This Week in Kaizen (Wk #25, 2007)

This was a particularly interesting week in kaizen-related news, so here’s a roundup:
One Thousand Kaizen Events and Counting…
Ariens Company of Wisconsin celebrated their one thousandth kaizen event this week. That’s 140 man-years of kaizen events since 2001. Great, but how many other ways can people at Ariens do kaizen? Six years of kaizen events are a good start, but kaizen events won’t be sufficient to sustain a culture of improvement for the next 40 years.
The U.S. Airforce Learns Yokoten from Toyota
News from the US Air Force website reported that SECAF visits Toyota plant for process alignment ideas:

The secretary of the Air Force and a group of senior officers recently visited the Toyota Motor Manufacturing Kentucky plant in an effort to see quality work in action.

Secretary Wynne recognized the two key parts of TPS as safety, quality, and cost savings (kaizen) and job satisfaction (respect for people).

“They are empowering their employees on the line to not only make suggestions, but they have a lot of respect for their problem solving and concepts for improvement,” he said. “I believe we have that same caliber in our Airmen and civilian workforce, and we have that same respect for their ability to identify a problem, analyze it and suggest a solution that saves us energy, resources or improves safety and quality.”

Mr. Ariens should give Secretary Wynne a call.
Fighting Complacency at Toyota
Overproduction, defective products, rising costs and excess capacity. These are things you don’t normally associate with Toyota. Yet in the space of less than a year, Toyota has gone from overtaking GM as the world’s largest automobile manufacturer and releasing the Tundra, a supposedly game-changing truck, to being asked by its board members “when did Toyota get to be a company like this?”
The Wall Street Journal reported on June 20, 2007 about Toyota’s Toyota’s New U.S. Plan: Stop Building Factories. Former Chariman Hiroshi Okuda questioned whether executives were becoming “a bit complacent” about expanding manufacturing capacity and whether each project was really “given a thorough review” with a long time horizon in mind.
The message to be dissatisfied, fight complacency, take nothing for granted, slow down and do your homework seems to have been heard by Toyota executives. As a result, the plans for Toyota’s new Tupelo, Mississippi factory are being scaled back and delayed.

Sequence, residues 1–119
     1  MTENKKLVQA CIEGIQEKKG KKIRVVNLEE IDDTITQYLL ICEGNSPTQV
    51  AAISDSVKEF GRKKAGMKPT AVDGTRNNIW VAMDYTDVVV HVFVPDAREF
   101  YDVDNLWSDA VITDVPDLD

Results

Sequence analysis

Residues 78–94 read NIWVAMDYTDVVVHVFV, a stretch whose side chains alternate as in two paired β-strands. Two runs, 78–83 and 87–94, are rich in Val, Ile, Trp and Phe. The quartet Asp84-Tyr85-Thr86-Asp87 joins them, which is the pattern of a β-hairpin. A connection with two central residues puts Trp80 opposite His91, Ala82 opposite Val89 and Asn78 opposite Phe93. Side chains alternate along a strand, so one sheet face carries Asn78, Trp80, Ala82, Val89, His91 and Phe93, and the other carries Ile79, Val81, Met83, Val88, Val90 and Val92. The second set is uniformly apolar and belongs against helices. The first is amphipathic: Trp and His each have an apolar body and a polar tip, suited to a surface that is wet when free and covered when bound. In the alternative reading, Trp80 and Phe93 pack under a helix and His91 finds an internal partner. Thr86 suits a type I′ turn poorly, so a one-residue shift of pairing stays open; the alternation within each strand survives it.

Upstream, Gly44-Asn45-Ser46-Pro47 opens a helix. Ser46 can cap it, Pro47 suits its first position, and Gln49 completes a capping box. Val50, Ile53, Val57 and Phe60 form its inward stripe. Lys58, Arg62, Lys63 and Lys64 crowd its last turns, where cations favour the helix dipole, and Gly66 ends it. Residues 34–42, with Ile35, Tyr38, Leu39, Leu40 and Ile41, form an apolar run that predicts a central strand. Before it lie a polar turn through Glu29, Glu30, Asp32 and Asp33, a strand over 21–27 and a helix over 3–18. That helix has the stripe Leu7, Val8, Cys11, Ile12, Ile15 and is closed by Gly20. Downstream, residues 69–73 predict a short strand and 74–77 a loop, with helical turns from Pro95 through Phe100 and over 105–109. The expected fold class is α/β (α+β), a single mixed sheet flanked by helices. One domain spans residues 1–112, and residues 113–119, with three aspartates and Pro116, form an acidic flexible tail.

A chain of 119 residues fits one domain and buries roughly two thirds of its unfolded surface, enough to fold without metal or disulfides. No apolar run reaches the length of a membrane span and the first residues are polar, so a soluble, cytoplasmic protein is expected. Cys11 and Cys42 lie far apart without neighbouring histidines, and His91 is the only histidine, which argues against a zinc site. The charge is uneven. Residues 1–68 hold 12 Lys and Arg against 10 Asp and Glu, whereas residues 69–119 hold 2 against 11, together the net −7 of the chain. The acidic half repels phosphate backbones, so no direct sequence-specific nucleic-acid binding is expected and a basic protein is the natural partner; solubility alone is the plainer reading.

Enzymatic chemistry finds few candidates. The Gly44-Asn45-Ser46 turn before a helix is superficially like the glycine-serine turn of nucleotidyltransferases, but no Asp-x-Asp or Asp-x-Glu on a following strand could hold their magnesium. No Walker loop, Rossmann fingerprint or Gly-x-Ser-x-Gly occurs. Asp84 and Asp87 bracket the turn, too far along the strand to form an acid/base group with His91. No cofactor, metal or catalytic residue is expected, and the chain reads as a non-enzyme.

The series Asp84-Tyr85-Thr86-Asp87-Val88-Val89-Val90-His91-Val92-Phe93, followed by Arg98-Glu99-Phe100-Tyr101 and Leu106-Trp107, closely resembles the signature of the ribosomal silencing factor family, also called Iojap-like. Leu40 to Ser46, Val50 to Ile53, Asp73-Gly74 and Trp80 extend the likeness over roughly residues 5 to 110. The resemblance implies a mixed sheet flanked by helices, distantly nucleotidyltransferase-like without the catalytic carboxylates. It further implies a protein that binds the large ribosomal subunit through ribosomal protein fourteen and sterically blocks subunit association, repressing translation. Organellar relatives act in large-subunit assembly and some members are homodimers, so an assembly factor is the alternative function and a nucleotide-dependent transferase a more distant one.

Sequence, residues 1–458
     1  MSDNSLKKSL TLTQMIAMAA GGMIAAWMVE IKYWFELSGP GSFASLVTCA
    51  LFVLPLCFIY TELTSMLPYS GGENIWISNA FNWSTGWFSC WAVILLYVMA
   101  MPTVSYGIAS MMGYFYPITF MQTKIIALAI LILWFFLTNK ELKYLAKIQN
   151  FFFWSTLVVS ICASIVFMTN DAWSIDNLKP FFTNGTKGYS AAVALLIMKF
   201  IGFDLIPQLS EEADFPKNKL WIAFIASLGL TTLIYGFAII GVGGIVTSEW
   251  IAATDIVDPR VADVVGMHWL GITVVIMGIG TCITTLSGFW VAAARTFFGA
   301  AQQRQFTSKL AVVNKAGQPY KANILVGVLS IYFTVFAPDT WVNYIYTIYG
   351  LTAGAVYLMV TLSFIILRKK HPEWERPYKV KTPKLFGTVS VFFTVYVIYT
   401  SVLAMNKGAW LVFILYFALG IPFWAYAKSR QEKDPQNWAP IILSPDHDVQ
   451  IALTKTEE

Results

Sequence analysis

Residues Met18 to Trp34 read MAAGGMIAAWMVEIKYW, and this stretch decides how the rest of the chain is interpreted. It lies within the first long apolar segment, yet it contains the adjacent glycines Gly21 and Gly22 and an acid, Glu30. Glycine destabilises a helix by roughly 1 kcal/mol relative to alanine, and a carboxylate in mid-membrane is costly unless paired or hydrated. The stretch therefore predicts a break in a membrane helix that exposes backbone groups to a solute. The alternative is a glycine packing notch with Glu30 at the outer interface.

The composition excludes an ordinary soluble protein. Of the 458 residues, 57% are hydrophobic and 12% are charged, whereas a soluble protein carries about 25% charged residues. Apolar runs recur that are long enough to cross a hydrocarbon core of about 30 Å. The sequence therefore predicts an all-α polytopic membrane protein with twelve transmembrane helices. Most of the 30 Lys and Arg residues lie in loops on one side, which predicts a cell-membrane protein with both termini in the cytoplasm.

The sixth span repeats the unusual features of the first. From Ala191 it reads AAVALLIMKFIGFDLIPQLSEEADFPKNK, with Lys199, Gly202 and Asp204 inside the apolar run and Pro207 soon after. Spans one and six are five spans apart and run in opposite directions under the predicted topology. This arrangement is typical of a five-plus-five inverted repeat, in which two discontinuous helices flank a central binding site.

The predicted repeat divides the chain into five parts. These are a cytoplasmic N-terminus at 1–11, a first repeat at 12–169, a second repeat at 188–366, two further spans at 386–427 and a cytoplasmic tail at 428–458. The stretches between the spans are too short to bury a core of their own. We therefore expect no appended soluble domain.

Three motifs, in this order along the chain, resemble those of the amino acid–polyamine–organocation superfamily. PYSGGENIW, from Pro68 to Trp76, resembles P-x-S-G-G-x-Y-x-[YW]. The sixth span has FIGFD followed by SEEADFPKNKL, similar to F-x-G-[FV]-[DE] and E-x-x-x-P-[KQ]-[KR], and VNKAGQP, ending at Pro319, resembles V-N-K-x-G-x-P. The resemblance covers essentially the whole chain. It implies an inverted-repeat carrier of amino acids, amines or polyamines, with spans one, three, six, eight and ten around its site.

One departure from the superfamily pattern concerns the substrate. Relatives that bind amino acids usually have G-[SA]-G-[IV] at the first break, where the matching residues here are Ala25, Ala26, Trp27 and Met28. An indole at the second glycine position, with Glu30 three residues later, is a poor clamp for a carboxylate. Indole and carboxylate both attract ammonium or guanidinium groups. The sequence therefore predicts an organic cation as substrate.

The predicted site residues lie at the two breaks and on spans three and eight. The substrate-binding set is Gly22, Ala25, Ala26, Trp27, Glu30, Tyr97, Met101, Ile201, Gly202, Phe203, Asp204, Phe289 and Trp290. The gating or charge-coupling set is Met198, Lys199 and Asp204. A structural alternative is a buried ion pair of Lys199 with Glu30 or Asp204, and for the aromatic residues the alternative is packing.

A July 2, 2007 BusinessWeek article titled Staying Paranoid At Toyota describes steps Toyota is taking to avoid collapsing under its own weight as it grows and expands. The new initiative dubbed EM2 for “Everything Matters Exponentially” is
a total re-examination of product planning, customer service, sales and marketing, and even the car dealers the company doesn’t directly own
according to the article.
In the WSJ article Toyota chief Watanabe said:

“It’s time for us to strengthen the fundamentals in all areas” in the U.S., says Toyota President Katsuaki Watanabe. He cites problems including rising manufacturing costs, excess capacity at some plants and quality problems.

It’s never too early to go back and strengthen the fundamentals. You hate to have to do it when you’ve got so many new plants, new products, new workers, and new managers all over the world who need grounding in these fundamentals.
Hold Toyota, Buy Nissan
Special mention is deserved for the actions of Nissan chief Carlos Ghosn (pronounced like “bone”) this week. Nissan Chief: Board to Forego Bonus Pay was the news. He and the board of Nissan will not be receiving their bonuses this year because Nissan’s financial performance was off. It’s so refreshing to hear the CEO of a major corporation being accountable. Too bad it was a Euro-Japanese company, and not an American one. Accountability is at the deep foundation of all things Lean, and we have a long way to go in the U.S.A. to be truly Lean from the top.